Problem Solvers Caucus Break the Gridlock Rules Reforms Pass House
Yesterday, a bipartisan group of Members in the Problem Solvers Caucus voted to support the Rules package to organize the House of Representatives, which included commonsense rules changes proposed by the Problem Solvers Caucus. These rules changes will help “Break the Gridlock” in Congress and enable progress on much-needed legislation to move the country forward. Republican Members Tom Reed (NY-23), John Katko (NY-24), and Brian Fitzpatrick (PA-8) voted for the Rules package.
Since June 2018, The Problem Solvers Caucus has advocated for changes to the House Rules that will enable Members to truly govern and deliver important results. After months of constructive negotiations, Democratic Members of the Problem Solvers Caucus reached an agreement with Democratic Leader Nancy Pelosi and Rules Committee Chairman Jim McGovern.
Yesterday, Members of the Problem Solvers Caucus kept the their word and voted to support a bipartisan Rules agreement – marking the first bipartisan passage of a Rules agreement in nearly 20 years.
In the 116th Congress, the Problem Solvers Caucus will continue to work on a bipartisan basis to find solutions to the critical issues facing the country.
"Yesterday, the House formally passed a rules package that will help move broadly supported, bipartisan legislation to the House floor for a debate and vote. Especially in this era of divided government, to solve problems, we will have to work together to deliver legislation that can get signed into law — from cutting taxes, to lowering heath care costs, to fixing our infrastructure. Incredibly, we passed these reforms with support from both sides of the aisle, for the first time in nearly two decades. This progress wouldn't have been possible without Members of the Problem Solvers Caucus taking bold steps, and I’m grateful for their work for bipartisan governing," said Congressman Josh Gottheimer (NJ-5).
“The reforms the Problem Solvers Caucus were able to include in this rules package go a long way to empower the people we represent, enable rank-and-file Members to govern and make it easier for bipartisan bills to pass,” Tom said. “I was proud to vote ‘yes’ as a show of good faith to my Democrat colleagues and look forward to working together to pass bills to help the American people,” said Congressman Tom Reed (NY-23).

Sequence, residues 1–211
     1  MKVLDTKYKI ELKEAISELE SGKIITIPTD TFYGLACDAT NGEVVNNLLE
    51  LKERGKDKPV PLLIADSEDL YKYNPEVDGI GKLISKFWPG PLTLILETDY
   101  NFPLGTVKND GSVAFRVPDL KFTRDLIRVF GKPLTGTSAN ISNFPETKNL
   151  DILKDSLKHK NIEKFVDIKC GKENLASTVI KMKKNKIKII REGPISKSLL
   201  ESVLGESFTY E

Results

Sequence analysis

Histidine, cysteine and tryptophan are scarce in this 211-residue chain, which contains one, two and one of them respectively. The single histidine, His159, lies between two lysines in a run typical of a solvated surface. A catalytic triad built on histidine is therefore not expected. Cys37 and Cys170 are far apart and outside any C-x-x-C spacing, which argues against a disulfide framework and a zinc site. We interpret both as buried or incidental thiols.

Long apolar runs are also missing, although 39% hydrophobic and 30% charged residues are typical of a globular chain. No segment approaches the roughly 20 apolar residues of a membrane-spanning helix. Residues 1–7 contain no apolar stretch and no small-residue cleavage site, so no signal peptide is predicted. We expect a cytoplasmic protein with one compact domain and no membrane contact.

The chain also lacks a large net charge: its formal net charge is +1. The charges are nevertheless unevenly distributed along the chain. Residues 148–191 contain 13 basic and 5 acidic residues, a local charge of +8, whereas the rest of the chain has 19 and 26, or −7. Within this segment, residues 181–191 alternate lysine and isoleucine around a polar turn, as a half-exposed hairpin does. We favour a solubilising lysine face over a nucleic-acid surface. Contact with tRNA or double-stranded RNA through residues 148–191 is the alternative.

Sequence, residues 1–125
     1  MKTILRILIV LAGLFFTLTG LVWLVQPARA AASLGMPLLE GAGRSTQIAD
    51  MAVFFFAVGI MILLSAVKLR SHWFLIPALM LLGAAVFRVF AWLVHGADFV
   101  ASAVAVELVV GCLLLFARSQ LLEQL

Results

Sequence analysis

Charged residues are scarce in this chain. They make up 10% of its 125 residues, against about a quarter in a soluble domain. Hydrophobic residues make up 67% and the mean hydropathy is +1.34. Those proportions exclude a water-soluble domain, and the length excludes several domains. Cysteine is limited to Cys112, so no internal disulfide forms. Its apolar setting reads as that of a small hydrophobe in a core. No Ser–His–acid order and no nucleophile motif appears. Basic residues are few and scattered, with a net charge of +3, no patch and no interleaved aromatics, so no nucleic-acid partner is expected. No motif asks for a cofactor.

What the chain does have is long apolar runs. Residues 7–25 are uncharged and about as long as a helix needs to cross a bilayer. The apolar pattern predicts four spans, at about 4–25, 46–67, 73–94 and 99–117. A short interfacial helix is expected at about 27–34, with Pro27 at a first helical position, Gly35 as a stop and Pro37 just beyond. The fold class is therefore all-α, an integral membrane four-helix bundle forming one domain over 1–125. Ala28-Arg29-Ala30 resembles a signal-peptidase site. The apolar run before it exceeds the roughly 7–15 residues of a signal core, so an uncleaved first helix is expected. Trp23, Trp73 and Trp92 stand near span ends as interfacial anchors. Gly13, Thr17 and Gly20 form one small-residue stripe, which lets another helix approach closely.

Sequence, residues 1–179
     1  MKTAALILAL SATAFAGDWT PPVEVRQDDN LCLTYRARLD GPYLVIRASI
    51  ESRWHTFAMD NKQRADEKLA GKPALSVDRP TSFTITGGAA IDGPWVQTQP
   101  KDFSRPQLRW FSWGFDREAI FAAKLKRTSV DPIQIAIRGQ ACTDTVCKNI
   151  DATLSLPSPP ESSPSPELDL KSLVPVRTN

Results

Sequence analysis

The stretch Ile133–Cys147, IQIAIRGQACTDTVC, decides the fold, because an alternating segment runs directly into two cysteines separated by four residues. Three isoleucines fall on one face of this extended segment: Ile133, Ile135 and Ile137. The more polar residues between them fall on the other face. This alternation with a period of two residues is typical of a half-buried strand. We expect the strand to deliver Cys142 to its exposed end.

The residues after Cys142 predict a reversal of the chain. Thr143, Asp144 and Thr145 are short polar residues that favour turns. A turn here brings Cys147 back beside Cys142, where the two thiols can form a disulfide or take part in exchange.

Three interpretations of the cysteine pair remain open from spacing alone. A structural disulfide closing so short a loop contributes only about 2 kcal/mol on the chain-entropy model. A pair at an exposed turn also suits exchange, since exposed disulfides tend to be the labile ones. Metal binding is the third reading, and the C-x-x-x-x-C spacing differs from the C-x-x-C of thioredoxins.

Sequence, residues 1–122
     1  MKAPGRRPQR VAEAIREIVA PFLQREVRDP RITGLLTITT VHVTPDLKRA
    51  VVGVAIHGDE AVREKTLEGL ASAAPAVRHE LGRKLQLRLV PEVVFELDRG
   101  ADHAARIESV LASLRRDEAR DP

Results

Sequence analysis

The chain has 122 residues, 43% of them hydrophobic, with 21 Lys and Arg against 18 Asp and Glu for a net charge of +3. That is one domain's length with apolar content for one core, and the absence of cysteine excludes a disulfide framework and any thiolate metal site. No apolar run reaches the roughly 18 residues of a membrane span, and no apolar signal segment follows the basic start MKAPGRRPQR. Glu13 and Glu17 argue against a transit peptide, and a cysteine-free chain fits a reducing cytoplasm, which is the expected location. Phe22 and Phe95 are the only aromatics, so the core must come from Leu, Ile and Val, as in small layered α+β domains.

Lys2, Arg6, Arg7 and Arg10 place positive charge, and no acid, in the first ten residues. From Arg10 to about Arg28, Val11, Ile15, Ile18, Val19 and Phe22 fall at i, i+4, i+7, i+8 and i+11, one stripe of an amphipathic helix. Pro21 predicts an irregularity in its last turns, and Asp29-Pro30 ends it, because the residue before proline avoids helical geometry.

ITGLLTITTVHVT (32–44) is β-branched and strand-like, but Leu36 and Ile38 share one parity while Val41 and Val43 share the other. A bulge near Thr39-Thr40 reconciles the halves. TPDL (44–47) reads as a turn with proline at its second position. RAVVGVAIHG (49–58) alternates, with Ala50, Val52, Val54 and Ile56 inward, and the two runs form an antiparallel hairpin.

“We can and must bring bipartisanship and consensus building back to the United States Congress. Today, I upheld my commitment to the principles set by the Problem Solvers Caucus and I voted to support the House rules package. Under the new rules, bills with broad bipartisan support will be considered quickly and more transparently. I am hopeful these new rules create a more effective and bipartisan institution,” said Congressman Brian Fitzpatrick (PA-8). “I continue to strongly oppose the attempt to dismantle the Affordable Care Act in federal court, which threaten patient protection provisions. Last Congress, I supported The Maintaining Protections for Patients with Pre-Existing Conditions Act, which protects Americans with pre-existing conditions from being denied coverage. The rules package that I voted for today allows the House to defend Americans with pre-existing conditions, and Democratic leadership must use this authority to protect patients with pre-existing conditions. I will continue to fight for affordable, accessible, and quality healthcare for all Americans.”
The Rules Package includes the following “Break the Gridlock” Proposals. Other changes will be in rules protocols being release in the coming days:
- Reform the Motion to Vacate the Chair - In order to prevent the Speaker from being held hostage by a single Member, this package reforms the motion to vacate the chair to a more thoughtful process.
- Create a Consensus Calendar - Creates a new procedure to expedite consideration of measure with broad support. Once a bill receives 290 cosponsors, a clock begins for consideration of the bill.
- Strengthen the Three-Day Rule for Committee Markups - Require committees to provide three business days’ notice for committee markups.
- Modernize the Discharge Petition - Allow discharge petitions to be considered under a three-day notice process similar to privileged resolutions in order to facilitate their use and effectiveness, while still requiring 218 signatures.
- Return to Regular Order - Require bills that go through the Rules Committee to have a hearing and a markup before they go to the floor.